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What Is Semur?

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  • Written By: Eugene P.
  • Edited By: Angela B.
  • Last Modified Date: 20 August 2017
  • Copyright Protected:
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    Conjecture Corporation
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Semur is a thick stew served in Indonesia. Even though there are many versions of semur throughout the area, most of the spices and vegetables that help to form the sauce are the same. The main component in the stew is usually meat in the form of cubed beef or shredded chicken, although versions using beef tongue, tofu or fish also exist. The cooking process takes place in stages, with the final step being a long simmer to reduce the liquids and incorporate the vegetable starches into the sauce. The finished dish can be served by itself in a bowl, over rice or mixed with noodles.

Some ingredients are common across the different varieties of semur. Garlic, ginger and onions are almost always used in the dish, as are sweet soy sauce, nutmeg and potatoes. Tomatoes, stock, shallots, cloves and coconut milk also are somewhat common when chicken is used as the meat.

The first part of the cooking process for semur is to fry the garlic, ginger and onion in a pan with oil. Some recipes also have the potato browned in the pan, so it has texture in the final stew. The meat is added to the pan and seared until it is brown and a crust has started to form on the outside. All the remaining ingredients are then placed in the pot and allowed to cook for a moment before the stock or water is added.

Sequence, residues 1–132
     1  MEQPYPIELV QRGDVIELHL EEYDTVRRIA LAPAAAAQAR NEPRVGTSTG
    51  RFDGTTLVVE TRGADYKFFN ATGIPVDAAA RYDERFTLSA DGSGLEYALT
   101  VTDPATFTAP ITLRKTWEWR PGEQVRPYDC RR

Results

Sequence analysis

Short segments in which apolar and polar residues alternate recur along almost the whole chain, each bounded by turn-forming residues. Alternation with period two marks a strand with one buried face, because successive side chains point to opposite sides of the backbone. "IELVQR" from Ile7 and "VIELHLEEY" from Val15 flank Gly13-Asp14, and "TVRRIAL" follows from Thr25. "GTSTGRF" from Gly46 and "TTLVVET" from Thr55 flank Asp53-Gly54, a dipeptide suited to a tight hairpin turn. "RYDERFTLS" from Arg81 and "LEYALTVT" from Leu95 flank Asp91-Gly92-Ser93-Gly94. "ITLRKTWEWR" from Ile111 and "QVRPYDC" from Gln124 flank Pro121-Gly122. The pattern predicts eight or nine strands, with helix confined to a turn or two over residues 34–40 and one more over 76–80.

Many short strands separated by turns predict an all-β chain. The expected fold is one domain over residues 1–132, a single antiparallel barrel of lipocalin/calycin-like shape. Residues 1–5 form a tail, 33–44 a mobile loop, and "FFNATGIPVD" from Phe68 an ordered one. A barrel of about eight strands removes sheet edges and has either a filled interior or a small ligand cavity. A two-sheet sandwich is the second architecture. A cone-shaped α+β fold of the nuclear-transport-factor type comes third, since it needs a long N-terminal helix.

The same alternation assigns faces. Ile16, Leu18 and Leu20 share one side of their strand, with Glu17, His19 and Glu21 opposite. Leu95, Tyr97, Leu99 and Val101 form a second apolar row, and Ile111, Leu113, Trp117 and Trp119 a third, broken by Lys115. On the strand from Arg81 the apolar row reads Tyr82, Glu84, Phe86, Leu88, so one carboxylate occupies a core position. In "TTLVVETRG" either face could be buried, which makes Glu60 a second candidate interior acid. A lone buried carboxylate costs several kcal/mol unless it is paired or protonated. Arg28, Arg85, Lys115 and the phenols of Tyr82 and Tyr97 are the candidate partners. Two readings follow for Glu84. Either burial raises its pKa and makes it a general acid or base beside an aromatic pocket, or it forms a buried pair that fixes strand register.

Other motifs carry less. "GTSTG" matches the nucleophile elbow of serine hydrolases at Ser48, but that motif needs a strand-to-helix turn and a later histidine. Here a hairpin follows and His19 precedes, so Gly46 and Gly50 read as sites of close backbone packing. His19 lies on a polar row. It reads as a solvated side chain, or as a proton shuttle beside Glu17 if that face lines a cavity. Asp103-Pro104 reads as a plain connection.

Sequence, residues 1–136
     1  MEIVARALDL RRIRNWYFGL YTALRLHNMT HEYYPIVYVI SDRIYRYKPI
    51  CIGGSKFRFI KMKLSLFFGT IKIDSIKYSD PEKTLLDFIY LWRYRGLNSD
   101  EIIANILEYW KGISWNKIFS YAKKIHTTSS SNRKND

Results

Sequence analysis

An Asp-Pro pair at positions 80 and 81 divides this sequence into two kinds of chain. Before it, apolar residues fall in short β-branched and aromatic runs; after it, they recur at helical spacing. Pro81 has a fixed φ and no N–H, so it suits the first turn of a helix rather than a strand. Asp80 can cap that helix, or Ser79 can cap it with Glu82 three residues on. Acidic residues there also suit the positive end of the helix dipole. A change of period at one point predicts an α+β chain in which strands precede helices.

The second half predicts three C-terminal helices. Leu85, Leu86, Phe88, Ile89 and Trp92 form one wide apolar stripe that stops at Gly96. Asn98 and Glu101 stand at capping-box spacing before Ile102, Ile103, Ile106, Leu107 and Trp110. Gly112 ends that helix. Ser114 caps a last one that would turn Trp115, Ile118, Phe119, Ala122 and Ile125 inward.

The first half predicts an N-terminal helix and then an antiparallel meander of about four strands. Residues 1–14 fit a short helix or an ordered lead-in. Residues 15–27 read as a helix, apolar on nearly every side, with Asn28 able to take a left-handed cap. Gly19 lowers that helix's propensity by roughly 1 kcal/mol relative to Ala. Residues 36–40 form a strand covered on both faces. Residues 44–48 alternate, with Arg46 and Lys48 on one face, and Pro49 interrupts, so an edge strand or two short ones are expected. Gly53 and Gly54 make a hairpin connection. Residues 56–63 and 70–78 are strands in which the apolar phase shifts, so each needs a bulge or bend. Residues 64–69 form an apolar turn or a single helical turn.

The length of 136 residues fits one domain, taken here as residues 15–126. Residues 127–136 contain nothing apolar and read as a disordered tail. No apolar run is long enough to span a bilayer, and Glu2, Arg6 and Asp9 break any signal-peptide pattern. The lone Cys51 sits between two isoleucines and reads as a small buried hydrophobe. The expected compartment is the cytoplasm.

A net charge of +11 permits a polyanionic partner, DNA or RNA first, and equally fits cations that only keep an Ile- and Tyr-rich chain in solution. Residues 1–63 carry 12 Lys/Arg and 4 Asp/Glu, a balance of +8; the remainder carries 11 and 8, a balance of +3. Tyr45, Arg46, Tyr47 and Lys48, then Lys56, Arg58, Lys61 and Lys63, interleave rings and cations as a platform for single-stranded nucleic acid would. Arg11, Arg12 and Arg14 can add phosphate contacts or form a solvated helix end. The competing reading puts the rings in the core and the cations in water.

The semur is taken to a boil and allowed to simmer for an hour or more to develop the flavors and to reduce the amount of liquid. Halfway through the boiling process, any starchy vegetables, such as potatoes, are added to further thicken the sauce. Once all the ingredients have finished cooking and the sauce has reduced to the desired thickness, the stew is done and can be served.

There are a number of variations on semur throughout Indonesia. Ayam is the name of the type of stew that uses chicken as its meat. Tahu uses eggs and tofu but includes less liquid so the final dish is mostly dry and served over rice noodles. Lidah is a variety that uses beef tongue instead of other cuts of meat and complements the flavor with lime. Other variations of semur can include ingredients such as coconut milk, eggplant, tempeh, hard-boiled eggs, cinnamon, cloves and star anise.

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